spices, on chef-driven, upscale

    Kentucky restaurant menus. It’s

    featured on burgers and with fries

    at Hardee’s and Carl’s Jr. fast-food

    chains. Oh, and Queen Elizabeth

    carried containers of it back to

    Buckingham Palace after a visit to

    Bluegrass horse farms.

    For a humble spread created in

    a roadhouse and seeking status —

    commodified or otherwise — as an

    iconic Kentucky food, those seem

    like big steps up to prominence. KM

    KENTUCKY CLASSIC

    Louisville’s Marion Flexner, who

    died in 1992, wrote several books on

    cooking and entertaining as well as

    articles for The New Yorker, Vogue,

    Gourmet, and House and Garden. Her

    most famous work, Out of Kentucky

    Kitchens, is a culinary guide to the

    state’s traditional foods and celebrat-

    ed people. First published in 1949 by

    Franklin Watts in New York and reis-

    sued in 1989 by the University Press of

    Kentucky, Out of Kentucky Kitchens was

    called “definitive” by the late, influen-

    tial Southern history and food writer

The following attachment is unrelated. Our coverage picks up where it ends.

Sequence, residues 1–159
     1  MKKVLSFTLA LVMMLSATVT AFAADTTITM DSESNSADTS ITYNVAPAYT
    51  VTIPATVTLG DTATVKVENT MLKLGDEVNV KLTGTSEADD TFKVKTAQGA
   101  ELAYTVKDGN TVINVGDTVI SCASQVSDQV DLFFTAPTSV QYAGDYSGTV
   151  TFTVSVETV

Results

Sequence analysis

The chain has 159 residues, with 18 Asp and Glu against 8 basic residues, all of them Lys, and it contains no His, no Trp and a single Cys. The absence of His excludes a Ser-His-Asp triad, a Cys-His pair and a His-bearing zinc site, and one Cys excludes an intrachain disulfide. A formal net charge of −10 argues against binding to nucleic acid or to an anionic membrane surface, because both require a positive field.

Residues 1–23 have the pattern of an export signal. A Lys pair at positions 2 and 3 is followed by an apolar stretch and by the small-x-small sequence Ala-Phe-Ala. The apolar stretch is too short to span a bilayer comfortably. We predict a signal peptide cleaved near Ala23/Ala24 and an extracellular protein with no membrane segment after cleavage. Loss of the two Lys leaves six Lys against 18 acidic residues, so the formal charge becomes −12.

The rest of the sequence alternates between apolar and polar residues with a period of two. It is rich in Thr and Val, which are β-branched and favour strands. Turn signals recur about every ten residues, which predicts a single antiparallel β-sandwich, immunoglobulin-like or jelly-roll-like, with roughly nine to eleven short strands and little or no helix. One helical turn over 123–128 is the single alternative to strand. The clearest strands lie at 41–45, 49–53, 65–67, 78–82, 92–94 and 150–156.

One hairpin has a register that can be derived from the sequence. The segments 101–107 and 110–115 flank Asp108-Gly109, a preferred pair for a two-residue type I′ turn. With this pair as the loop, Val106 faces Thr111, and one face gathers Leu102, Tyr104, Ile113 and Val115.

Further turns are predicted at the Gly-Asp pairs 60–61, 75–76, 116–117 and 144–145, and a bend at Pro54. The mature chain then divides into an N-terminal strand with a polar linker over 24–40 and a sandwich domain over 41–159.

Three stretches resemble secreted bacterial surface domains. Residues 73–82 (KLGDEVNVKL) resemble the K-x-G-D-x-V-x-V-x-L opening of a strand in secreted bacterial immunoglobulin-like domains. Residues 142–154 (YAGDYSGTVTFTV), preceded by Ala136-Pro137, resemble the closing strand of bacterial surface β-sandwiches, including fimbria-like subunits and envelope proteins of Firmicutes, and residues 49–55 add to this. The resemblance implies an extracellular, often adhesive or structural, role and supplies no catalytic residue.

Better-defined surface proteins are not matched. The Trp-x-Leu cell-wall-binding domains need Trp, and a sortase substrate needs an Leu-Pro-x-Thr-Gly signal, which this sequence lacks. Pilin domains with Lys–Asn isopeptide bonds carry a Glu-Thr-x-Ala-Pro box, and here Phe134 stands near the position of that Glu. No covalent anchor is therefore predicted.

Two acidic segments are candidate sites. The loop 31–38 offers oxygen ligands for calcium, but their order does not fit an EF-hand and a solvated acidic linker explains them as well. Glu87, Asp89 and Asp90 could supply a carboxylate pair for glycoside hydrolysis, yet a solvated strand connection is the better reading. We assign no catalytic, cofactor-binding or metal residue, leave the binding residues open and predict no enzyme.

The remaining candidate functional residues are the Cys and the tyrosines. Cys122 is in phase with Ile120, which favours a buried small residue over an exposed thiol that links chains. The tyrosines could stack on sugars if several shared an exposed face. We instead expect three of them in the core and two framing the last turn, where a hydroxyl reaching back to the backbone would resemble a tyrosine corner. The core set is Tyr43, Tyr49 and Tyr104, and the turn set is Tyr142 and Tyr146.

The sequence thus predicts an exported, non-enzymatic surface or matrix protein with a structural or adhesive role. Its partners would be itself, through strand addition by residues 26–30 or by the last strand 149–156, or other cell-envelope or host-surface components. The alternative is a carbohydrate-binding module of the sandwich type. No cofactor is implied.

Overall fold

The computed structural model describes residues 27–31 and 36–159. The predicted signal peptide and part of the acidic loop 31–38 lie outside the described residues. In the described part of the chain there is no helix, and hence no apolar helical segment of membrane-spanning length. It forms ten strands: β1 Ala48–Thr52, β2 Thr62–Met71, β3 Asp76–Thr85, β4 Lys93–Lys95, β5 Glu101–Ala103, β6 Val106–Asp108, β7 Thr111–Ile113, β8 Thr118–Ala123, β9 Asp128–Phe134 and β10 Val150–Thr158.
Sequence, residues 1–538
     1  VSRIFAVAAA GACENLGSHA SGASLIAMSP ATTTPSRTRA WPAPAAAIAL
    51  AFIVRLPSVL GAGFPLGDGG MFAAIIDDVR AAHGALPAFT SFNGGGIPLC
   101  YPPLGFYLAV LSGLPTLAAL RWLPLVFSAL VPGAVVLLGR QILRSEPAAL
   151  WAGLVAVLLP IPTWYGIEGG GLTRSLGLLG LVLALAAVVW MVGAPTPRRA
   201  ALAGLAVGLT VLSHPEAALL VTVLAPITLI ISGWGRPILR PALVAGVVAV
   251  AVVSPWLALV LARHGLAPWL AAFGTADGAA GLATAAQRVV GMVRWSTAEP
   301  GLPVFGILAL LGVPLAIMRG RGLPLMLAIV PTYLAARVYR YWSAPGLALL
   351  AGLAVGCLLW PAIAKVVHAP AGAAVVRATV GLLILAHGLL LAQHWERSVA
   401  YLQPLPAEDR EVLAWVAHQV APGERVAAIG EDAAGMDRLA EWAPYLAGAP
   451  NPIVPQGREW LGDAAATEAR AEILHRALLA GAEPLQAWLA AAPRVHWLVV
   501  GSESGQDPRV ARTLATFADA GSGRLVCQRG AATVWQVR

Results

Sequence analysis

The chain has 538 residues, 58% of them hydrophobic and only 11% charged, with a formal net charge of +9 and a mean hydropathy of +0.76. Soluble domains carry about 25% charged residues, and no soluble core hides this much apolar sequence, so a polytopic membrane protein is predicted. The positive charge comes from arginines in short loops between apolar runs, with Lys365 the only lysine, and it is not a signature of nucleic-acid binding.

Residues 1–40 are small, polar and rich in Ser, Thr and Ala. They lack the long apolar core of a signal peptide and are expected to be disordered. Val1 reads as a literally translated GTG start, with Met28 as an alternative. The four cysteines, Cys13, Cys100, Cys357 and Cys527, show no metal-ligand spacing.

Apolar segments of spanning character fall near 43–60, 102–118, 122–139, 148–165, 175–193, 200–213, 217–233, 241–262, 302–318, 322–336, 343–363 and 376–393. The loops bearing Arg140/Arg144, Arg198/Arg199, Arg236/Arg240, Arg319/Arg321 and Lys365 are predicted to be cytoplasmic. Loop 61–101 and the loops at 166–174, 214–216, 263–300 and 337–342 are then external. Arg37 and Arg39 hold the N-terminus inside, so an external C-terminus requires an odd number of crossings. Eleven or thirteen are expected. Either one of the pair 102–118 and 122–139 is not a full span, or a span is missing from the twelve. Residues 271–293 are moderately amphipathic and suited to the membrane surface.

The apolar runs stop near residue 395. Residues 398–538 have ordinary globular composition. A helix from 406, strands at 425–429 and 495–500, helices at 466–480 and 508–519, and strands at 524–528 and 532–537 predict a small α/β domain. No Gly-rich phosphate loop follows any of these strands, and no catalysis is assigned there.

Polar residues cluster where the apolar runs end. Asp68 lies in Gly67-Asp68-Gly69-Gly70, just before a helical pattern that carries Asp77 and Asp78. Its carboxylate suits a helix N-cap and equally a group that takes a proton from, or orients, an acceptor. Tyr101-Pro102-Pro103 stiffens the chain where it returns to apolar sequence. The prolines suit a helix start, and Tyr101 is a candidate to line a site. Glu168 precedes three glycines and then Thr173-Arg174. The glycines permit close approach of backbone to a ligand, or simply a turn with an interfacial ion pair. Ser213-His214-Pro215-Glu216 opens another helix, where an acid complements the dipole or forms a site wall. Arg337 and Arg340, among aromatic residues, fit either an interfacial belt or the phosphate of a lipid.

John Egerton.

    In her entry about beer cheese

    in the book, Flexner says she and a

    friend experimented with prepara-

    tions until they developed a recipe for “a very tangy sandwich spread”

    that “will keep for weeks in a covered jar in the icebox and is a boon to

    the busy housekeeper.” After calling it a “perfect understudy” for Welsh

    rabbit, she says she usually serves her beer cheese on a tray, surrounded

    with toasted crackers.

    Beer cheese recipe

    1 lb. aged Cheddar cheese (sharp)

    1 lb. American or “rat” cheese

    (bland)

    2 or 3 garlic pods (to taste)

    ¾ of a 12 oz. bottle of beer

    (about 1 C more or less)

    3 T Worcestershire sauce

    1 t salt, or more to taste

    1 t powdered mustard

    Dash Tabasco sauce

    or cayenne pepper

    Grind the cheese (do not use pro-

    cessed cheese) with the garlic pods.

    Mix with this: Worcestershire sauce,

    mustard and Tabasco or cayenne.

    Put in a bowl in an electric mixer

    and add slowly enough beer to make

    a paste smooth enough to spread.

    Store in covered jars and keep in the

    icebox until needed.

    (Reprinted with permission of University Press of Kentucky.)